Describes problems faced in an interdisciplinary course taught by the authors on major 19th and 20th century figures and ideas in the humanities (literature, music, art, and philosophy). Tells how they refashioned it to focus on depth rather than breadth. Offers some hard-won insights and advice for those embarking on interdisciplinary teaching. (SR)


  • Saito, L., Segale, H. M., DeAngelis, D. L., & Jenkins, S. H. (2007). Developing an interdisciplinary curriculum framework for aquatic-ecosystem modeling. Journal of College Science Teaching, 37(2), 46-52.Ubc-elink.png

This paper presents results from a July 2005 workshop and course aimed at developing an interdisciplinary course on modeling aquatic ecosystems that will provide the next generation of practitioners with critical skills for which formal training is presently lacking. Five different course models were evaluated: (1) fundamentals/general principles of interdisciplinary modeling; (2) modular course; (3) survey of various interdisciplinary models; (4) seminar series of case studies; and (5) the art of modeling. Options 1 and 2 were most popular among workshop participants, while option 4 was the least popular.


  • Woods, C. (2007). Researching and developing interdisciplinary teaching: Towards a conceptual framework for classroom communication. Higher Education: The International Journal of Higher Education and Educational Planning, 54(6), 853-866.Ubc-elink.png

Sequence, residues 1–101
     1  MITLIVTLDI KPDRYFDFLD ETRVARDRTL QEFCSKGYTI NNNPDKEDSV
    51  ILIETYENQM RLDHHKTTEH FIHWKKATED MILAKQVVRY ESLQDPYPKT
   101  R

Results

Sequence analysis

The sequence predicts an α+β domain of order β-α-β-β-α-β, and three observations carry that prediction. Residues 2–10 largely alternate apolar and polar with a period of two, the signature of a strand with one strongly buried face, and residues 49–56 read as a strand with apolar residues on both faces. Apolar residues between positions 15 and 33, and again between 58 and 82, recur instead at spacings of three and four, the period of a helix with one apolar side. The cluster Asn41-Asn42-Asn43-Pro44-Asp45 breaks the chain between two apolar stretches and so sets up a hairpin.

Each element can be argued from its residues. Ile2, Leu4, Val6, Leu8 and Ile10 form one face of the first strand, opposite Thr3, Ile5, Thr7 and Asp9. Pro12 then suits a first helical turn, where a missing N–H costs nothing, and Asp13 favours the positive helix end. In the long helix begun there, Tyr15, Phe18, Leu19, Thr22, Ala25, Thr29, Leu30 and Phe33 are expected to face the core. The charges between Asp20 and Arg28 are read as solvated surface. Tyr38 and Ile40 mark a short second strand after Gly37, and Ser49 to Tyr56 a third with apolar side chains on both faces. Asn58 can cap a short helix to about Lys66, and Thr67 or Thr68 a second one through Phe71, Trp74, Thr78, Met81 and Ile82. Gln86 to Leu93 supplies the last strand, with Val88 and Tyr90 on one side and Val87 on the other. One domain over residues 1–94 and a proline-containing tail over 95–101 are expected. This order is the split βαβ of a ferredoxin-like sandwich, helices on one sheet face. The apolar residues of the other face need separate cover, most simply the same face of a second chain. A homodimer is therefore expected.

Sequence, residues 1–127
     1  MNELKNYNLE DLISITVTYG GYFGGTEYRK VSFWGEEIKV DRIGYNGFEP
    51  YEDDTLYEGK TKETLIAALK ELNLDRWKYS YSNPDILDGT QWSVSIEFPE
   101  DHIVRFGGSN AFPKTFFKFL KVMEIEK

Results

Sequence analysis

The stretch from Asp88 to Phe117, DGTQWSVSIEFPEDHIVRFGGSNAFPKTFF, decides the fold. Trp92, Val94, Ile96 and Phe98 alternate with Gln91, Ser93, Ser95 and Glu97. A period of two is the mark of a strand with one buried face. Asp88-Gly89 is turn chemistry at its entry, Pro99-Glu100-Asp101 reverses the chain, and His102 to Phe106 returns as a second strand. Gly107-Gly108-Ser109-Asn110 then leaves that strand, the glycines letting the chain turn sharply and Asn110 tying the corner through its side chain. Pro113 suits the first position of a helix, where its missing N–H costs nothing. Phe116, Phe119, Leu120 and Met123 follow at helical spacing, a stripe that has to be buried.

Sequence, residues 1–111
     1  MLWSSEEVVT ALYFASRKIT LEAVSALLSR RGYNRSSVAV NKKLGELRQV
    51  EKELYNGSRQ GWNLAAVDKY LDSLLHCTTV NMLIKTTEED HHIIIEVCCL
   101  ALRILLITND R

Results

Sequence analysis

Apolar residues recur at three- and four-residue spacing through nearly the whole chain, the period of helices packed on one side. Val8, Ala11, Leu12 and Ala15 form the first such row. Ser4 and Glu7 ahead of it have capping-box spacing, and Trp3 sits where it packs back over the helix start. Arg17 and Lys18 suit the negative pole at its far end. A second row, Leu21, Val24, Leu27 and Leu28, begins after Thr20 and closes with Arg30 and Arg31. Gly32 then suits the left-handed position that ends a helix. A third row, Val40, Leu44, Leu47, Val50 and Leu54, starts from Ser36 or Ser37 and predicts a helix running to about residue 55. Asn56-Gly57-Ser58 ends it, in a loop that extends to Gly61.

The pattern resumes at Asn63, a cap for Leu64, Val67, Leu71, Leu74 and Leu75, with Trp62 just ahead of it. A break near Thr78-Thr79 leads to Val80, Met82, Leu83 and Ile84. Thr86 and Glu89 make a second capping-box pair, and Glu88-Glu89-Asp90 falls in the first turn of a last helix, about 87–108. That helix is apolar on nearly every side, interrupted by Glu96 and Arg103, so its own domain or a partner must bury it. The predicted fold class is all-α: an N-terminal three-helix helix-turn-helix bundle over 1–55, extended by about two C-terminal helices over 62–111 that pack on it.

Calls for teaching and learning that cross subject boundaries have been making themselves heard in recent Higher Education literature in different national contexts. Communication is pivotal in any such learning encounter: it is in the process of negotiating meaning across disciplines that its rewards and challenges lie. And yet, the question of what characterises interdisciplinary classroom communication in the sector is little researched and little understood. How such interaction differs from that in the monodisciplinary university classroom is under-theorised. Adapting Applied Linguistic theory in Intercultural Communicative Competence (Byram, M. (1997). "Teaching and assessing intercultural communicative competence." Clevedon: Multilingual Matters.) and drawing on a taxonomy of academic disciplines (Becher, T., & Trowler, P. R (2001). "Academic tribes and territories." Buckingham: Society for Research in Higher Education/Open University Press.), the article proposes a model of Communicative Competence as a conceptual tool to shape thinking in developing and researching interdisciplinary teaching and learning in the university classroom.


  • Yang, M. (2009). Making interdisciplinary subjects relevant to students: An interdisciplinary approach. Teaching in Higher Education, 14(6), 597-606.Ubc-elink.png